Sponges are very primitive animals. They don't have nerves cells (nor muscles nor eyes nor a lot of other things we commonly associate with animals). So scientists figured sponges split from the tree of life before nerves evolved.
A new study has surprised researchers, however.
"We are pretty confident it was after the sponges split from trunk of the tree of life and sponges went one way and animals developed from the other, that nerves started to form," said Bernie Degnan of the University of Queensland. "What we found in sponges though were the building blocks for nerves, something we never expected to find."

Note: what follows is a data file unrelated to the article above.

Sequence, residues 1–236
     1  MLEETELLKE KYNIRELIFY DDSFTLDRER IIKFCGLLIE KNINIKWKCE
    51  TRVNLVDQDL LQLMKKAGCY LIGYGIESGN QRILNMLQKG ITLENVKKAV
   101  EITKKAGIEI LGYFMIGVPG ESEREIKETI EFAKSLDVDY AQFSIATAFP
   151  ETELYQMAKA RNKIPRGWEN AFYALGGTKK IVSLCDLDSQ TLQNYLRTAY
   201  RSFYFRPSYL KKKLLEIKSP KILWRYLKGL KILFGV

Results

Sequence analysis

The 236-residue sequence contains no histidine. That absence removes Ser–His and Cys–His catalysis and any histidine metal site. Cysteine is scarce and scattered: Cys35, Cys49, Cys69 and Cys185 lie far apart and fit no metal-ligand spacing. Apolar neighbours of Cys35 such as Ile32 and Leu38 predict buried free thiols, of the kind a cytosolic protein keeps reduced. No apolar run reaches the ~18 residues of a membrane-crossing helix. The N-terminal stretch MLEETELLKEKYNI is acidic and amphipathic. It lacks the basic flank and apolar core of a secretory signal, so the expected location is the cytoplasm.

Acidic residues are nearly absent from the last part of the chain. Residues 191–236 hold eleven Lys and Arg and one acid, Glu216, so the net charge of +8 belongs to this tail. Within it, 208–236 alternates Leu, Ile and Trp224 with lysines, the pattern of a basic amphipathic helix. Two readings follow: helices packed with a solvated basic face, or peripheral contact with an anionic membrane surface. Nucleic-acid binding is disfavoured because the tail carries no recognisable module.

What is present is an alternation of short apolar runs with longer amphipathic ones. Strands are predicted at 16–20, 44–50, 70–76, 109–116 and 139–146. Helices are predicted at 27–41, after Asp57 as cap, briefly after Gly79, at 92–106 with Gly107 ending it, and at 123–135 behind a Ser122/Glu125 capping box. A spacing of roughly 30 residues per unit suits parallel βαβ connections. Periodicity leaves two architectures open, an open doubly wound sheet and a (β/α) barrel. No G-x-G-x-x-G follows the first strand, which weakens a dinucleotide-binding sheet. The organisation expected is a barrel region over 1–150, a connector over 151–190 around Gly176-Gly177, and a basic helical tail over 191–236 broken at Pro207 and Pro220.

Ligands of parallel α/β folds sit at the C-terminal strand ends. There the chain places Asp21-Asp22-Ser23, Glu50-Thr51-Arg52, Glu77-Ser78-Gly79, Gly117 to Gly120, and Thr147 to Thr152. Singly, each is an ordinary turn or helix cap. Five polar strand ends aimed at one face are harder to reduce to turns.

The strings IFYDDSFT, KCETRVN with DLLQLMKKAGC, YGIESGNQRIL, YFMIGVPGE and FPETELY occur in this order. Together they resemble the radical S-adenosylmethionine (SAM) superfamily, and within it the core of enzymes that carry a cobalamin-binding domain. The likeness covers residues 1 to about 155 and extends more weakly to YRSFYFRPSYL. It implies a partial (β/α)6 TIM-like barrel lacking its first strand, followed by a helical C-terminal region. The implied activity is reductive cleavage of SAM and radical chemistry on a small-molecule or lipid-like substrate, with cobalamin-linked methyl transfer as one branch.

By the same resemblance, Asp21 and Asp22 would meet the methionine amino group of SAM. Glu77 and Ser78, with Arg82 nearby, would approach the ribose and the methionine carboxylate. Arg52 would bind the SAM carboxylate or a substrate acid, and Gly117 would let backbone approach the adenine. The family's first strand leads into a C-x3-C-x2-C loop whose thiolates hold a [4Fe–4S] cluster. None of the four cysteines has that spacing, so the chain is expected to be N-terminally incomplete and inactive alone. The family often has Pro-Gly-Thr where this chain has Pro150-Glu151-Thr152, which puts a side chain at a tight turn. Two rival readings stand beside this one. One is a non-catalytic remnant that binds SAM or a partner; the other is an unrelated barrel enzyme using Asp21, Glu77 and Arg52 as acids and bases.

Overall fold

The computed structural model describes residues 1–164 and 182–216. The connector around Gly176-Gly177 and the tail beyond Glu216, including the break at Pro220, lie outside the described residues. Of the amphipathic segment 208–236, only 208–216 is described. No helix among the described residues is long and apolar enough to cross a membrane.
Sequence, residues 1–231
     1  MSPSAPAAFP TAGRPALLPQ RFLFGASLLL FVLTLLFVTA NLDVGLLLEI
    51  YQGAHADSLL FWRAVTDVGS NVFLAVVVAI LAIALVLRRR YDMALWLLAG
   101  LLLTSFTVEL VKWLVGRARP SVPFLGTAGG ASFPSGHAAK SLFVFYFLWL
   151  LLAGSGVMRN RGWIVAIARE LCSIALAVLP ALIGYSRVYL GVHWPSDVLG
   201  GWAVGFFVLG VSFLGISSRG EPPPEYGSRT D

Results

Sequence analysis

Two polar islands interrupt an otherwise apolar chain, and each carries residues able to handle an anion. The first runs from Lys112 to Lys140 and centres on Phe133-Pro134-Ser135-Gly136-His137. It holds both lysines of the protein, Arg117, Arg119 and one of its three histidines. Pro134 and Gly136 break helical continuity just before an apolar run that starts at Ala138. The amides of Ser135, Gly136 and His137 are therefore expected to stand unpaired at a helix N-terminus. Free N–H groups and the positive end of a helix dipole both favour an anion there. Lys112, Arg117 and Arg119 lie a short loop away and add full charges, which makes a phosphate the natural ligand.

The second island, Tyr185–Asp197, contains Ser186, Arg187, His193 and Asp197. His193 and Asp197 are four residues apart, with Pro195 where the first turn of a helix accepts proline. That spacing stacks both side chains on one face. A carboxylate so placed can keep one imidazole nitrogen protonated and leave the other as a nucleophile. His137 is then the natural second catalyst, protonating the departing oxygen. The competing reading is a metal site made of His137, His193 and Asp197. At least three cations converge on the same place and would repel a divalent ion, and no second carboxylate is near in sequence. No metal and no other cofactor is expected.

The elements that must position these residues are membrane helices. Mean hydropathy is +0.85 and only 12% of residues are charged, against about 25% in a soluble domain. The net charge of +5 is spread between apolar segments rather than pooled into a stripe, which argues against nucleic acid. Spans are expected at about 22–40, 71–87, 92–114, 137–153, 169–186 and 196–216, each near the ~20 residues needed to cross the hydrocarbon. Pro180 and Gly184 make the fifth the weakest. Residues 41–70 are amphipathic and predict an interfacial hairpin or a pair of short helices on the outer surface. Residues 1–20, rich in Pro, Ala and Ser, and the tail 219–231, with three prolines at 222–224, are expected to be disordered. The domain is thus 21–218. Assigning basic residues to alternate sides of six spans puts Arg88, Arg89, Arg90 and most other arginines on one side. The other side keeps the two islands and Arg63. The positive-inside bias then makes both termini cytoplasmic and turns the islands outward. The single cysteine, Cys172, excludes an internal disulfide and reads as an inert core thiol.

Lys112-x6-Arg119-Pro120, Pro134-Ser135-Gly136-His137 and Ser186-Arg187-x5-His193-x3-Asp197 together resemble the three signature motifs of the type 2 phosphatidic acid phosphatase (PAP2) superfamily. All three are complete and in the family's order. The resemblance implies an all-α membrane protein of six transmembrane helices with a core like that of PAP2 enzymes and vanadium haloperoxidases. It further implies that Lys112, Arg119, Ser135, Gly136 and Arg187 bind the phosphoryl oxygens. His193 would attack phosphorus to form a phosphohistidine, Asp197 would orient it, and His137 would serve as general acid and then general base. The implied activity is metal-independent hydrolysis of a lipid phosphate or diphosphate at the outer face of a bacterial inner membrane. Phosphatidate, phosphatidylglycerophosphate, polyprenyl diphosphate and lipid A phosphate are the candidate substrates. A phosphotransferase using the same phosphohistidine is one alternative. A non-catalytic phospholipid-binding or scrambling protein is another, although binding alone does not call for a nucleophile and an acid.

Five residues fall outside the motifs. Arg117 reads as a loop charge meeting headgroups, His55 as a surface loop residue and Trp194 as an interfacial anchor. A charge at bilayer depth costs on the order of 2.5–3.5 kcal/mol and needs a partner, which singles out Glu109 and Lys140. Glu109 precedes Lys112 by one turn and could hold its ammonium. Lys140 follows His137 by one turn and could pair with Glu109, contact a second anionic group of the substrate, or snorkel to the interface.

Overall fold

In humans and other animals, nerves deliver messages to and from the brain and all the parts of a body.
Degnan and colleagues studied a sea sponge called Amphimedon queenslandica. "What we have done is try to find the molecular building blocks of nerves, or what may be called the nerve's ancestor the proto-neuron," Degnan said. They found sets of these genes in sponges.
"But what was really cool," he said, "is we took some of these genes and expressed them in frogs and flies and the sponge gene became functional — the sponge gene directed the formation of nerves in these more complex animals.
The research, announced this month, was published in the journal Current Biology.
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